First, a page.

The Witching Tale by The Witching Tale

Release date: November 5, 2021
Label: Bellissima Records

Like a flaming, drone-like campfire that’ll never burn out, Katharine Blake brings all of the scary stories to life with disturbing imagery, pre-Islamic Arabian arrangements, and elements between electronic, folk, and experimentations that are like candles waiting to be lit, The Witching Tale is a stunning debut for her and Michael J. York.

This ten-track release has brought out this hidden footpath that is filled with questions and answers that the duo have unleashed. And to bring along Blake’s daughter Rosa Marsh, Knifeworld’s Kavus Torabi and Charlie Cawood, The Witching Tale aren’t just a duo, but more like a family to bring enough spooky tales and have campers shit their pants like crazy. Not only that, but it will haunt them until the end of summer vacation.

There are synthesisers setting up this whole swirling effect on ‘The Web is Broken’. It hypnotises listeners to keep us on Katharine’s reverbing vocal lines, paying homage to Franco Battiato’s 1970 debut Fetus with chimes signalling the call of a loss loved one. York then uses the synths to capture not just Battiato’s experimental years, but the strong elements of Klaus Schulze’s ‘Satz: Ebene’ that Blake has written lyrics for on ‘Where the Sea Snakes Curl’.

Strong video game-like scores comes to mind that York channels from the realms of The Legend of Zelda, Castlevania, or Ecco The Dolphin, I can imagine he took the 8 and 16-bit scores for inspirations during the making of the album while the opening track ‘The Beckoning’ continues where ‘The Garden of Jane Delawney’ had left off as Blake and Cawood walk into this dark forest along with Rosa to banish evil spirits that have been tormenting every victim of the damages they’ve done to the past and present.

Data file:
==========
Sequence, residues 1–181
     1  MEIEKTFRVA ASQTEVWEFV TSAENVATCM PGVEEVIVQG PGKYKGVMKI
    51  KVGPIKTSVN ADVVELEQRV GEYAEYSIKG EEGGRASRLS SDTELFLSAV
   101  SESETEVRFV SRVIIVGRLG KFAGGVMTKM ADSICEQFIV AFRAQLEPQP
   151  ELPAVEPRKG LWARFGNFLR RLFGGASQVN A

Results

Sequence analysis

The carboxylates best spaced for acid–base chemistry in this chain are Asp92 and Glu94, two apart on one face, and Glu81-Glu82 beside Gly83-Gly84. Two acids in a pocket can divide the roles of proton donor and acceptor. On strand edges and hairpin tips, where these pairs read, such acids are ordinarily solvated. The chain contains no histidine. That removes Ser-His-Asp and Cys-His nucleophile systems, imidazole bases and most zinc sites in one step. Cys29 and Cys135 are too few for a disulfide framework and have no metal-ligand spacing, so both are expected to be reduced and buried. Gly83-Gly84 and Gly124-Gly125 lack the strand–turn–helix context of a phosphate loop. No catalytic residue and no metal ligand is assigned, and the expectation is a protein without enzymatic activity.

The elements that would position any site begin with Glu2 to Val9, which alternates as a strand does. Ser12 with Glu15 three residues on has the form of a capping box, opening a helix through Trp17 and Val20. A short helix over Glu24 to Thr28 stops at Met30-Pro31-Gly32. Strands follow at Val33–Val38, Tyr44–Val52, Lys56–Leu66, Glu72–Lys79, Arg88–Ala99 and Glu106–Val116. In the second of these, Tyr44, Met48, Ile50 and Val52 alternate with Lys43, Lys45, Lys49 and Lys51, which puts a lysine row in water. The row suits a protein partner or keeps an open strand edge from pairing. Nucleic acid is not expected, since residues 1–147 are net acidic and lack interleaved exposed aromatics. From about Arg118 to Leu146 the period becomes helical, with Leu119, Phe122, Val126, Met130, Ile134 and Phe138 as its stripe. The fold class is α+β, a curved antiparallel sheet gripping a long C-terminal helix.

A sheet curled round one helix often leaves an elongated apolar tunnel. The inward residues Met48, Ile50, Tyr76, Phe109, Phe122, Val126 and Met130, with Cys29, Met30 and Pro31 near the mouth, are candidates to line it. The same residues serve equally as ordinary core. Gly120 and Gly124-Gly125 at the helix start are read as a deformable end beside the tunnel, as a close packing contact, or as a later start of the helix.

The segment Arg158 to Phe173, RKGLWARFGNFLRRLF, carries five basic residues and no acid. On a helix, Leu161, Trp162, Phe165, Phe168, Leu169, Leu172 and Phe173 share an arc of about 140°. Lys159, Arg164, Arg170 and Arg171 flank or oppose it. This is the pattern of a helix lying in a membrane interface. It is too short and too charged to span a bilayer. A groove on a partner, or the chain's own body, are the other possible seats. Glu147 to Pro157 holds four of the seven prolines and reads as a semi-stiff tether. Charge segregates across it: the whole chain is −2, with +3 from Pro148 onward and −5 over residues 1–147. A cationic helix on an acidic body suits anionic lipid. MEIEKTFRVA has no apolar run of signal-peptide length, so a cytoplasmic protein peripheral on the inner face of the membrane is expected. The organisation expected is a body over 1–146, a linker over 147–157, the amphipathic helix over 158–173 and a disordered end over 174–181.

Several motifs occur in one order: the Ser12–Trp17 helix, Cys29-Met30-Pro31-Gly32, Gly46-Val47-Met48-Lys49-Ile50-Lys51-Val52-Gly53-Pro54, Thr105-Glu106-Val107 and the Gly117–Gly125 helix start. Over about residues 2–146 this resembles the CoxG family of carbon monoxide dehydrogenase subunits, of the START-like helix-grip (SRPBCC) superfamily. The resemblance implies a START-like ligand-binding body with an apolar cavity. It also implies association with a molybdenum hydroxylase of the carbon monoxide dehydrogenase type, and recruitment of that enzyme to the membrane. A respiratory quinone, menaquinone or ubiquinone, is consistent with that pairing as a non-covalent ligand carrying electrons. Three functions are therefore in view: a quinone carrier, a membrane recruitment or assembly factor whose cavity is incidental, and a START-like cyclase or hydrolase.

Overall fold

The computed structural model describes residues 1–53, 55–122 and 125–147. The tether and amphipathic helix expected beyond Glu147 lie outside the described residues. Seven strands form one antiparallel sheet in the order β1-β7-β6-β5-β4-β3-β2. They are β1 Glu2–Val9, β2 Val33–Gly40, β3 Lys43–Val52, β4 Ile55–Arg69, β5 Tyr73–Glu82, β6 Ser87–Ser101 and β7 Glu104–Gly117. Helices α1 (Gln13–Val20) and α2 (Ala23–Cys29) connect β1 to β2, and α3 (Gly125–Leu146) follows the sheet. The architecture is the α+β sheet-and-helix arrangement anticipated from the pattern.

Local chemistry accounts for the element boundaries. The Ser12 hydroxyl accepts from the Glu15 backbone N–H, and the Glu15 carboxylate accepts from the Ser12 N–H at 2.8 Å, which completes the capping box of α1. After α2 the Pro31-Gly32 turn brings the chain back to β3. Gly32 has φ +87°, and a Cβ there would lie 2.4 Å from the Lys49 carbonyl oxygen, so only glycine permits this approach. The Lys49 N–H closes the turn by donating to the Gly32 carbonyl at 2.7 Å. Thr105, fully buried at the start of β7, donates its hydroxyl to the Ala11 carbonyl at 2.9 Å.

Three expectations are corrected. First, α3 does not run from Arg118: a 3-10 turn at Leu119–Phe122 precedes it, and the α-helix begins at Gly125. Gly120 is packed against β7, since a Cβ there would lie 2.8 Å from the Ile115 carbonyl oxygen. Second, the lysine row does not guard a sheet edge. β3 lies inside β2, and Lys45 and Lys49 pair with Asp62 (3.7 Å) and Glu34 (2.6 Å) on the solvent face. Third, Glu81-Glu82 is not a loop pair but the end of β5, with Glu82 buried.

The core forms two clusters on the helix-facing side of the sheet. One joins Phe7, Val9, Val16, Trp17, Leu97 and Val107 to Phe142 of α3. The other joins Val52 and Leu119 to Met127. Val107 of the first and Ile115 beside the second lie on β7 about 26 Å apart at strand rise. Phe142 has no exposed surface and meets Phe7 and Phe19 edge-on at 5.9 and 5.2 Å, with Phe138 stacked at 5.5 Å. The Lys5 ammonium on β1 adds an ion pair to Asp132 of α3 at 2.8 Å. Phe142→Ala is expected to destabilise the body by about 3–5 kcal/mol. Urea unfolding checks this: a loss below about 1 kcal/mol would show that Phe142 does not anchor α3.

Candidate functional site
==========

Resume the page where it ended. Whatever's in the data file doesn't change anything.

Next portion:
Robin Black’s sax intro on ‘Dahna’, channels the styles of Lol Coxhill and Schoenberg while Katharine goes into the dance of death with York’s double bass setting up this massive heat gage going higher than ever! Now I can’t tell if it’s him or Kavus playing those dooming chords on the electric guitar. But if it’s one of the two, they bring a chilling fracture to the story.

‘Spirans Amore’ is The Witching Tale’s tip-of-the-hat momentum to the late, great Bo Hansson’s recording sessions for Lord of the Rings. Blake’s angelic vocals has brought upon a sense of sun-rising beauty for a brand new day to have birds chirping with excitement to hear York’s keyboards of bringing the animals food, shelter, and water during the hectic storm they went through.

The closing title-track continues where Tangerine Dream’s ‘Nebulous Dawn’ had left off. You can tell that the krautrock genre has had a huge influence on York’s background. Ether-filled senses of hope, strength, and wisdom inside the cavernous caves that is like looking through a massive amount of crystal diamond-like sculptures that’ll become a jaw-dropping momentum.

The Witching Tale’s music may not be everyone’s cup of tea per se, but it becomes a candle-lit wonder that’ll make you want to go back and re-listen to their debut again and again to see what you’ve been missing. And for us, we become the audience as we return to the duo’s theatre repeatedly knowing that York and Blake will have more twists and turns that’ll surprise us until the very end.

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